Don Imus's Human Design Chart

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        Chart Properties

          This Incarnation Cross represents the specific theme or purpose of Don Imus's life. It's determined by the positions of the Sun and Earth at the time of Don Imus's birth and 88 days before Don Imus's birth. This cross embodies Don Imus's unique potential and the lessons they're came to learn, providing a roadmap to fulfilling Don Imus's life's purpose.

          Don Imus's Biography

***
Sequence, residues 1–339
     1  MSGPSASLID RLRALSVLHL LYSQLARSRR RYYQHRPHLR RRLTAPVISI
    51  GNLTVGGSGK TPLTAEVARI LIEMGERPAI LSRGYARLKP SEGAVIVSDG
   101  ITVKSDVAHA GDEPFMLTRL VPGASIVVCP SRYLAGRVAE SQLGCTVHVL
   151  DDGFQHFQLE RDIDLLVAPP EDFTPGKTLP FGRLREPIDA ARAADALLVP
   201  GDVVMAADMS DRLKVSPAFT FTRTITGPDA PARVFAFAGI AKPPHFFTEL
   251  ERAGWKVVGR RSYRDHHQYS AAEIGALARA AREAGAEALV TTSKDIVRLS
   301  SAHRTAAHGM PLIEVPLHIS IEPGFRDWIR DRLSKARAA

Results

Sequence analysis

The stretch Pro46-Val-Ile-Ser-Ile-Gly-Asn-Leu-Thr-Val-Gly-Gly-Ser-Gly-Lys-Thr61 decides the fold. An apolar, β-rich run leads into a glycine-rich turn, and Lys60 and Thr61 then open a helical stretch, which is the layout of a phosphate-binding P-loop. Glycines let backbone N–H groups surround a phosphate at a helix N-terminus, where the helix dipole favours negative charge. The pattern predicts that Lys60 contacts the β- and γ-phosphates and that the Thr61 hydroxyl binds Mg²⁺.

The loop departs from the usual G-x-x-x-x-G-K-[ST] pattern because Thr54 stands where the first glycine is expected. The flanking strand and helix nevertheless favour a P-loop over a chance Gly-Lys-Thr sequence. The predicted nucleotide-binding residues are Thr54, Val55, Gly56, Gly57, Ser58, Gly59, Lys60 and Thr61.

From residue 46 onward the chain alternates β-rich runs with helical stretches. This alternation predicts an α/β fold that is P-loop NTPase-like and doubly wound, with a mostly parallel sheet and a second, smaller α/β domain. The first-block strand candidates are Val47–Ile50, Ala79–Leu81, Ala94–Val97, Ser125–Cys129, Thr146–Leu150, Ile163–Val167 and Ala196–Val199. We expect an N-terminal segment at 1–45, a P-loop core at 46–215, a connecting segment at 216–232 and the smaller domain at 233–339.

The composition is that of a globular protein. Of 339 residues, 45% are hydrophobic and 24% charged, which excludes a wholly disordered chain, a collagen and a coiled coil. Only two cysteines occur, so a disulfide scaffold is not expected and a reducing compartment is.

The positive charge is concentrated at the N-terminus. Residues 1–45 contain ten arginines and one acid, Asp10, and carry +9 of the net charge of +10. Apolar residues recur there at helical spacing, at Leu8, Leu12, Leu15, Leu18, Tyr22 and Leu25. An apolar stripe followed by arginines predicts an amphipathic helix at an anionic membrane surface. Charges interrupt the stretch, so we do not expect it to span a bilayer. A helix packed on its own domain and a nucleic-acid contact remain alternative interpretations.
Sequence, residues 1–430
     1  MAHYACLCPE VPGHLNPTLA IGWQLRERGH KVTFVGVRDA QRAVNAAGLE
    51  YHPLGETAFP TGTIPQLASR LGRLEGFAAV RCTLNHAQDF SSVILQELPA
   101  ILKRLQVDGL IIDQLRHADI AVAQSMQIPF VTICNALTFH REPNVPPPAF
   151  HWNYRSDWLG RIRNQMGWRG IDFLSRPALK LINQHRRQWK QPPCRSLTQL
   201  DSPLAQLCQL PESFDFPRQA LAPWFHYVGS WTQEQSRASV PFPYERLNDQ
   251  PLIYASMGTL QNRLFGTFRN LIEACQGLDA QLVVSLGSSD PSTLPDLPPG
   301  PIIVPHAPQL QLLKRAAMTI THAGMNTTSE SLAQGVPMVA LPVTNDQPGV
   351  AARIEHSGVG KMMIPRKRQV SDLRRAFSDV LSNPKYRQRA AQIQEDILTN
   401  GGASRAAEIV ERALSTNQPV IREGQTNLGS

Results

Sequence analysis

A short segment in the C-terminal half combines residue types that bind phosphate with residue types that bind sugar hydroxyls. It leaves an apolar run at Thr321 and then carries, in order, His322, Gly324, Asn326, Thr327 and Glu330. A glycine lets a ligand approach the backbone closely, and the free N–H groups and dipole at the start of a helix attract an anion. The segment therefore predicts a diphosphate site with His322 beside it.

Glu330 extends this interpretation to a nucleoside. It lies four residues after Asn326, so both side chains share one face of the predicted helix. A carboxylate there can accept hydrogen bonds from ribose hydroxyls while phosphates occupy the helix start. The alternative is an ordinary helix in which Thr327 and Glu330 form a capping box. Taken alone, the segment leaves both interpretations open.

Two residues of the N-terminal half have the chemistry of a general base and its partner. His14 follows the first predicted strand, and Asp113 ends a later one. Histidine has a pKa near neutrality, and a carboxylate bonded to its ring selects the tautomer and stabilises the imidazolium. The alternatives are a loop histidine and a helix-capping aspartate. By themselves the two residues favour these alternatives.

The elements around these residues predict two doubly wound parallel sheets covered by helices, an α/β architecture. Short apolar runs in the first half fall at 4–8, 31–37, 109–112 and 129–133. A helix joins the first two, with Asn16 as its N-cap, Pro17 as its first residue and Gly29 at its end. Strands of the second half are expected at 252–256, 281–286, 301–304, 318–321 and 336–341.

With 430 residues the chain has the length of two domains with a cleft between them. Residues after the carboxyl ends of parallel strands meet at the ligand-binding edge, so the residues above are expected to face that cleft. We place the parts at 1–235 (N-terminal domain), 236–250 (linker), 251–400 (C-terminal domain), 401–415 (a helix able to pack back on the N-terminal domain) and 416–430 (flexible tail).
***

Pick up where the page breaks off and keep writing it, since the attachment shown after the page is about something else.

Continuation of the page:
American radio personality, television show host, recording artist, and author, particularly noted for his nearly 50-year career of hosting radio talk shows in his inimitable, provocative, and often offensive style. His appearance was unmistakable. Thin and craggy, sporting his signature unkempt hair and bushy eyebrows, he usually dressed cowboy-style, complete with boots, hats and lots of denim. Imus had strong opinions and didn’t hesitate to express them no matter whom he might offend. His popularity as a talk show host stemmed from his on-the-air pranks, biting humor, and challenging remarks. Imus was the older of two sons of a cattle rancher; he grew up in Arizona where he left school to help alleviate his family’s financial woes. He joined the Marines. After his honorable discharge in 1959, he drifted, earning his living as a window dresser, a musician, a miner, and a train brakeman. His luck changed in 1968 when he was hired to be a disk jockey by a small radio station in Palmdale, California. His off-the-cuff ease and his impertinence established him as a presence in radio though his on-air antics often gave his bosses serious heartburn. By 1971, he had moved to New York to work for WNBC. Imus’ battle with alcohol became obvious when he began missing work, and he was eventually fired. His addiction to alcohol led to cocaine. In 1977 he moved to Cleveland but two years later he returned to New York and was rehired by WNBC. For the next several years, his addictions often got the better of him. His producer, Bernard McGuirk, recalled one scene where Imus was “running up and down the hallways in his underwear screaming at people.” In 1987, Imus checked himself into a rehabilitation center in Florida. His career later took off when WFAN, a sports radio show, began broadcasting his program. He completely overhauled his show into an all-talk format and gave it a new title, Imus in the Morning. Providing him with a hefty annual salary, the show was widely popular and subsequently syndicated. With a focus on current events, political issues, and sports, it featured prominent guests with whom Imus engaged in his own brand of banter, name-calling, heated exchanges and pointed remarks. In 1989 Imus was inducted into the Radio Hall of Fame. His radio show was so popular that, in September 1996, MSNBC began to simulcast it on its cable TV network. Imus married twice. He and his first wife divorced in 1979; their marriage had produced four daughters. In 1992 he met a beautiful blond woman, Deirdre Coleman, twenty-five years his junior, when she auditioned for a skit on his show. They began dating and married in December 1994, but not before Imus suffered a serious health problem that led to a collapsed lung and surgery. The couple had one son, Frederick Wyatt, and adopted another, Zach. Despite his gruff voice, glaring eyes, and often insulting remarks, Imus had a soft spot for children with difficulties. He became an advocate for

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